"When America declared war in 1917, I was a few months past eighteen years of age and just finishing my first year in college. By the time I was to reenter in the fall for the second year, war activities were [under way] on a large scale. Men were going into some branch of the service on all sides. I felt that my family should do their bit in uniform, and my age designated me as the most appropriate one." This Texas A&M College student was Carl Andrew Brannen; these are his memoirs of a time when boys became men and your country became your life.
Over There: A Marine in the Great War takes the reader on an almost two-year journey through his world as a young soldier in the war. Based on Brannen's memoirs recorded in the 1930s and photographs he took with a German camera as a soldier, this book describes day-to-day obstacles he and his fellow soldiers faced during Marine Corps training, movement to France, and mortal combat.
"As I jumped for protection into a ditch nearby, a fusillade of bullets caught me below the heart on the left side, through one lens of the field glasses, and against my bandoleer of ammunition. The best I remember, ten bullets in my own belt exploded, but they had deflected the enemy bullets, saving my life."
Brannen, though wounded in battle and in the hospital for three weeks, went on with 80th Company through the Meuse-Argonne campaign to the armistice on November 11. He pulled his months of
duty in the occupation of the Rhineland and, at its end, earned a place in the Composite Regiment of men selected to represent the American Expeditionary Forces in the many ceremonial events of 1919.
Complemented with a unique set of photographs by the author's son that retrace his father's military campaigns, Over There is a highly personal account, presented from an enlisted man's perspective of the battle fronts of Belleau Woods in the Château-Thierry sector, Soissons, Pont-a-Mousson, St. Mihiel, Blanc Mont Ridge, and the Meuse-Argonne battle.
As a first hand commentary and a social document of life in the trenches during World War I, it is a useful contribution to military history. Brannen's personal accounts will touch and fascinate all those interested in World War I.
The late Col. Rolfe L. Hillman, a military historian, served in the U.S. Army from 1945 to 1972Peter F. Owen, an active duty Captain in the Marine Corps, has written an article on the 79th Company of Marines in June, 1918. He is currently working on a single volume of history of the 4th Marine Brigade in the Great WarJ. P. Brannen, the author's son, has written numerous articles in mathematical sciences and has been a guest scientist in Switzerland. A SIAM national lecturer, he currently lives in New Mexico.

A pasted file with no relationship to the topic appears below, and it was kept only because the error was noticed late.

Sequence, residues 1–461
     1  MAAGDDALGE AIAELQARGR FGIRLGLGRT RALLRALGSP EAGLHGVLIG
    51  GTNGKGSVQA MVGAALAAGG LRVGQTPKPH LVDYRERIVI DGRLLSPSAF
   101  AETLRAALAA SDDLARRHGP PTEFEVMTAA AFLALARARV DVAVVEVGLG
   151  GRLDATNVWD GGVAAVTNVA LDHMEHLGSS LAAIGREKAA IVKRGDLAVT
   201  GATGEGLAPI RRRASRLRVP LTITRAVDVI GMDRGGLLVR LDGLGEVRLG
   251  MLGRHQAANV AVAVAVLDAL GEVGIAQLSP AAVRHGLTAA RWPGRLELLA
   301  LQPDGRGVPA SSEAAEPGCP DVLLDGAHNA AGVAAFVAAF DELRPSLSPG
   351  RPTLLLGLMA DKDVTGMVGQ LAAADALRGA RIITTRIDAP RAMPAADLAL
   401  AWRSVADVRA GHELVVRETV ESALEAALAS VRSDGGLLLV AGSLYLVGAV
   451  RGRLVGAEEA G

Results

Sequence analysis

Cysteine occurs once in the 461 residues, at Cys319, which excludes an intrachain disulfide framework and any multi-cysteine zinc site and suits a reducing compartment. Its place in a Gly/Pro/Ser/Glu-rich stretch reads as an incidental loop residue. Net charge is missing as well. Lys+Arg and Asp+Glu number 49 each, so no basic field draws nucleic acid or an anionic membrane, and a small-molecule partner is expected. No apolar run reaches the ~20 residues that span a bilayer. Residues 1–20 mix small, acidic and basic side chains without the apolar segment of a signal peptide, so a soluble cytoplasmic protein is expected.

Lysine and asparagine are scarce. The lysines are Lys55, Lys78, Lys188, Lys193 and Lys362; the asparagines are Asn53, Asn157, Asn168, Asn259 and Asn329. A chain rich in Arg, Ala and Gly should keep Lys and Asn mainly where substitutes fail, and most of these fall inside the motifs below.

What Readers Are Saying:
"[Brannen's] battlefield snapshots combine with outstanding annotations by Hillman and Owen to enhance this first-rate front-line memoir . . . Unlike many retrospective works on war, this one does not embellish its author's memories." --Publishers Weekly
" An artless little book but a valuable one. . . This memoir reminds me of another personal account by a Marine who served in the Great War, Elton E. Mackin's posthumously published Suddenly We Didn't Want to Die (Presidio). Mackin, who survived some of the same battles, could never come to terms with the world he returned to. Brannen, who had a long career as an educator, was apparently not so shattered in spirit." --MHQ Newsletter, Editor's Choice Book Reviews
" A valuable and absorbing account of the Great War." --Maurice Reardon,
" A wonderfully unified work that will disabuse many of their conceits about the `Great War' or `The Good War.” --Robert Flynn
"Over There is made even more powerful by the two Brannen voices. There is not a bit of brag in this affecting memoir." --Judyth Rigler
“Over There is a very moving book. . . . All professionals should place this book in a special niche in their libraries, where they should read and reread it often.” --Airpower Journal